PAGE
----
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Crises converge as lawmakers return to Capitol Hill

From a potential impeachment trial in the Senate to the House speaker's job hanging in the balance, here are the big issues lawmakers face this week.
Crises converge as lawmakers return to Capitol Hill
Posted at 7:24 AM, Apr 09, 2024

For lawmakers in Washington, D.C., a long spring break is over. They return to Capitol Hill this week and are faced with an agenda packed with crises here at home and abroad.

In the Senate, the first order of business is whether to hold an impeachment trial for Homeland Security Secretary Alejandro Mayorkas over his role in the southern border crisis. While the charges have made their way over from the Republican-controlled House of Representatives, it's still up to Senate Majority Leader Chuck Schumer and Senate Democrats as to whether they proceed with a trial.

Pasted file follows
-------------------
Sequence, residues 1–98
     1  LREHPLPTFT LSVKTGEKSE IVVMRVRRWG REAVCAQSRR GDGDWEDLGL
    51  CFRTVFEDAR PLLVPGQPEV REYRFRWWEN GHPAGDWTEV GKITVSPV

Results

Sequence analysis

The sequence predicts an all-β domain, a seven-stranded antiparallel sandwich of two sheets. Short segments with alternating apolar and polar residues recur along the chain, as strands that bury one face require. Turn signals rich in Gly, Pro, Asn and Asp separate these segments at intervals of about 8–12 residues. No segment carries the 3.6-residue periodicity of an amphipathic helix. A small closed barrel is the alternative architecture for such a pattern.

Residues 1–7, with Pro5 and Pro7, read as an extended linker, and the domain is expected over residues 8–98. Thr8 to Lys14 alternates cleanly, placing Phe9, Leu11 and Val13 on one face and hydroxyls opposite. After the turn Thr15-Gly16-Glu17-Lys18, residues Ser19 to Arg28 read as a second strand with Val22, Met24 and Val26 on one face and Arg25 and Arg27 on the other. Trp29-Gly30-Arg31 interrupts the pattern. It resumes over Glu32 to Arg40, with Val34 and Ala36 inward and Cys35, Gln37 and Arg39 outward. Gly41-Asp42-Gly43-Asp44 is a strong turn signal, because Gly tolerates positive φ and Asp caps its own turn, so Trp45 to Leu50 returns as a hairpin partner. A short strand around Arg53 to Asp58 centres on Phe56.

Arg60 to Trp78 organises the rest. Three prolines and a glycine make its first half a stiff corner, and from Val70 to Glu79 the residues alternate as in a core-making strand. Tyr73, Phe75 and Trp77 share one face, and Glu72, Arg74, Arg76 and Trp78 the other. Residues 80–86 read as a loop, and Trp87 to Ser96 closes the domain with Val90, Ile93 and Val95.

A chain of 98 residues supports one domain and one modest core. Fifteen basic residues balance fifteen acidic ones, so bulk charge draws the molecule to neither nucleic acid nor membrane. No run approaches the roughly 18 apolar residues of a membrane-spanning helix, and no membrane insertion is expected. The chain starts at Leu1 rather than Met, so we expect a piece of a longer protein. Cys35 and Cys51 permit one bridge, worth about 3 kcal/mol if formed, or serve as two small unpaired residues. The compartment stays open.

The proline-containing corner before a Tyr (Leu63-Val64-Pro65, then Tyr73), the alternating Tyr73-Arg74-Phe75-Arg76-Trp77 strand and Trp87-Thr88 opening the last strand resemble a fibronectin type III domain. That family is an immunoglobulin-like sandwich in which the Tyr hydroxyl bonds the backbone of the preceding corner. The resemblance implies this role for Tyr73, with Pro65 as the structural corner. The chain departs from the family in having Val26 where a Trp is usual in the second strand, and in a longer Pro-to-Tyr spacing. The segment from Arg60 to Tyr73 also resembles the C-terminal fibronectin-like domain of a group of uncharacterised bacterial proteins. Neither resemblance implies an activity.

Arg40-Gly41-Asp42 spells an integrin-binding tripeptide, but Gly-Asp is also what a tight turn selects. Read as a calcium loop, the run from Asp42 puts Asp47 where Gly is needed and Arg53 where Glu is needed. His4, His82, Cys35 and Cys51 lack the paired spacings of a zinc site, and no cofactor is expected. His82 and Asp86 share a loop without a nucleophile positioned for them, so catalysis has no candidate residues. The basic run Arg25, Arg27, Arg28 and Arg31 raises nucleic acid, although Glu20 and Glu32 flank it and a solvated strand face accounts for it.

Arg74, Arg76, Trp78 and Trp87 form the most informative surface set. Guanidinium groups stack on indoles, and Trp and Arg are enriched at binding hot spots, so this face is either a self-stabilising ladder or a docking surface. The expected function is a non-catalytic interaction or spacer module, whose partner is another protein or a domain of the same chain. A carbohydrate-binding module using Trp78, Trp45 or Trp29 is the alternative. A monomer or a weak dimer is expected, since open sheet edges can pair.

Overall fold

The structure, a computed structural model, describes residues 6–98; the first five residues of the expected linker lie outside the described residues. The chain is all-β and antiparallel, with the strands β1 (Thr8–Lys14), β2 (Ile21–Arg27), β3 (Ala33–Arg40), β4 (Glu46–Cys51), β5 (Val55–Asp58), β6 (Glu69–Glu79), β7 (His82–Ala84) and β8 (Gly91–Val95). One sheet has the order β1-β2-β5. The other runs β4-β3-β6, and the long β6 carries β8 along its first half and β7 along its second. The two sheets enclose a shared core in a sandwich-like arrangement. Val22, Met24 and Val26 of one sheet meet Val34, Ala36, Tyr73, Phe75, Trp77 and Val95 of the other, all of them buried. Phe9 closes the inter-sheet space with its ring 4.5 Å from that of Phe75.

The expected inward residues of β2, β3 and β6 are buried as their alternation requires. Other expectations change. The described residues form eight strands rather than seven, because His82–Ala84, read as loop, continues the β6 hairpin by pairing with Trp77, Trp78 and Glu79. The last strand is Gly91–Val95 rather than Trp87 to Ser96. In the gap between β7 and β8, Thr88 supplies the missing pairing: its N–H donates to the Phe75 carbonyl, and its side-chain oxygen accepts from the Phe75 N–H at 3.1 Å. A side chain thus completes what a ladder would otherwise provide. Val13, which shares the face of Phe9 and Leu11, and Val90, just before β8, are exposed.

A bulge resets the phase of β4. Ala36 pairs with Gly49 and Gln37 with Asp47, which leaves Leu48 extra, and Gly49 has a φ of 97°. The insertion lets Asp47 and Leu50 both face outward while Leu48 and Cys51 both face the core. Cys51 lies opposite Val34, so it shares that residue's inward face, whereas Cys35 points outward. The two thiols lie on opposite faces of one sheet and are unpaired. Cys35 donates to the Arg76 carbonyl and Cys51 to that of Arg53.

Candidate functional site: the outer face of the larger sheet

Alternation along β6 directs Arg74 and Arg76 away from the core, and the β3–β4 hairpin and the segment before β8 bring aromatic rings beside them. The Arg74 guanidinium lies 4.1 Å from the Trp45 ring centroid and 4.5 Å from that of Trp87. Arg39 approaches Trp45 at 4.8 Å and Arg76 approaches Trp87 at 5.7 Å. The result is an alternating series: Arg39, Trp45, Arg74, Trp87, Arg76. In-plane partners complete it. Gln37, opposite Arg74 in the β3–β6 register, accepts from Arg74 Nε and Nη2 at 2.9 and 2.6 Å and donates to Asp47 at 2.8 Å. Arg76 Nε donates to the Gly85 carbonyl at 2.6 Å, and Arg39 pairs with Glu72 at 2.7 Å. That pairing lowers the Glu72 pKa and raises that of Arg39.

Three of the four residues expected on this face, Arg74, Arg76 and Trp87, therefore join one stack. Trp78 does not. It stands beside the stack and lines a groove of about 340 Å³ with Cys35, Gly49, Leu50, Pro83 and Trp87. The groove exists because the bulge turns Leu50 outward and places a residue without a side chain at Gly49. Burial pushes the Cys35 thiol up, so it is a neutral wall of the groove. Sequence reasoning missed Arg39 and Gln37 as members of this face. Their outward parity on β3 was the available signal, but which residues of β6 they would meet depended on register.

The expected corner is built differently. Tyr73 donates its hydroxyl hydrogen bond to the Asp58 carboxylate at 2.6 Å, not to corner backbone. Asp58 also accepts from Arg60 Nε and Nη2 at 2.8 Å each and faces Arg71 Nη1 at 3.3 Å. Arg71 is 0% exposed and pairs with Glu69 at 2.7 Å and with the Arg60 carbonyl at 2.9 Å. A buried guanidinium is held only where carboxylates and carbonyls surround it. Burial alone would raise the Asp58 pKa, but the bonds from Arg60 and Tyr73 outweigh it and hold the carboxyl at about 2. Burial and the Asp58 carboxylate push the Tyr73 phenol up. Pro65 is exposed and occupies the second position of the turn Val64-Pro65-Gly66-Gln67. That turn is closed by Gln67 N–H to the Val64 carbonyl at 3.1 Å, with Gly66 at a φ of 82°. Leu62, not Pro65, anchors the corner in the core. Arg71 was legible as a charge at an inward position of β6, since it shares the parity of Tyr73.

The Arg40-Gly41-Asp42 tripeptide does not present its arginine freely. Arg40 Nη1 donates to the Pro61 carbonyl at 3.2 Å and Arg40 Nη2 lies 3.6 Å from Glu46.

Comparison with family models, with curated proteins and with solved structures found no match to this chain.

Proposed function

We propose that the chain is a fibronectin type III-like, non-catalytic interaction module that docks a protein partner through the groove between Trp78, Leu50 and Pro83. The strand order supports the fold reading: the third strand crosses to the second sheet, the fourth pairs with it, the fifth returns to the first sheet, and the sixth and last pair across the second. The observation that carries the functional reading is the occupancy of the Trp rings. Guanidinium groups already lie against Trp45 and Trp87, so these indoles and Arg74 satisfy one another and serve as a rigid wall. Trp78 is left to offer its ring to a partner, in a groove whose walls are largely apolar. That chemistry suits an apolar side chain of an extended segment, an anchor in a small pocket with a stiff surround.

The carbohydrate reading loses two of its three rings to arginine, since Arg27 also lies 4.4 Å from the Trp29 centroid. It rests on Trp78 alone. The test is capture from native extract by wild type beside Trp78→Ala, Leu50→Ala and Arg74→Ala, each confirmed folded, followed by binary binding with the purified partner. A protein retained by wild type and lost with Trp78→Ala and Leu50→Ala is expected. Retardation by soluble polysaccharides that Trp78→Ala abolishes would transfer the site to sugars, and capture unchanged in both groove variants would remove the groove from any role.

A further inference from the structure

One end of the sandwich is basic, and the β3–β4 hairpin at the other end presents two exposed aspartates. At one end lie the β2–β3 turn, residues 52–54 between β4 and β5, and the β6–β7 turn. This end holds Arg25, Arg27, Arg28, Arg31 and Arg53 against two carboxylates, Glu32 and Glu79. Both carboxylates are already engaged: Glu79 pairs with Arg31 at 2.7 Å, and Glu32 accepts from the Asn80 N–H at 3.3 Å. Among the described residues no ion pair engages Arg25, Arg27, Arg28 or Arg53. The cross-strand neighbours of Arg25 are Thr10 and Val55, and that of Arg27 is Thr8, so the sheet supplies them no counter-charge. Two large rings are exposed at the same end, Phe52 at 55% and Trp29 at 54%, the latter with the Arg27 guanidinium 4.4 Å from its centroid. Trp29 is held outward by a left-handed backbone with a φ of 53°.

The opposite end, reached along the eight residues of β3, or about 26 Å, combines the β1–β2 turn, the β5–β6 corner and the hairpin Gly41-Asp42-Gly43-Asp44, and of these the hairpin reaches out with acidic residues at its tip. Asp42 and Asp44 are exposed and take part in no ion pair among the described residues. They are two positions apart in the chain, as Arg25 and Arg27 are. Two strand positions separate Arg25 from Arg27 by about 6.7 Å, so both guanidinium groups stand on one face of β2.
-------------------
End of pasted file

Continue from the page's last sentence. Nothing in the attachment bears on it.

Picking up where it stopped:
SEE MORE: Mike Johnson faces 3 options for moving Ukraine aid through the House

Republicans have pushed in the Senate to hold a full trial. However, there's a very good chance Democrats will move to dismiss the charges against Mayorkas given the fact that many have called them baseless.

"As I've said, I think the charges are absurd," Schumer has said. "There is no evidence, zero evidence, that he's committed an impeachable offense."

In the House chamber, Republicans and Democrats return to Washington on Tuesday. But Speaker Mike Johnson will enter the building already on thin ice after having a motion to vacate filed against him by a member of his own party.

Republican Rep. Marjorie Taylor Greene has been threatening to bring up that motion to remove Johnson from his post, just like what happened to former Speaker Kevin McCarthy. But Johnson may have to rely on Democratic support to save his job, given that Republicans have an extremely narrow majority in the House.

One way Johnson could get some Democratic support would be if he follows through on his pledge to bring up additional aid to Ukraine. But that's a proposal some Republicans in the chamber have balked at.

Either way, it's expected to be an extremely busy two-week work period on Capitol Hill before lawmakers return to recess. So keep an eye out for some pretty contentious issues to make headlines this week.


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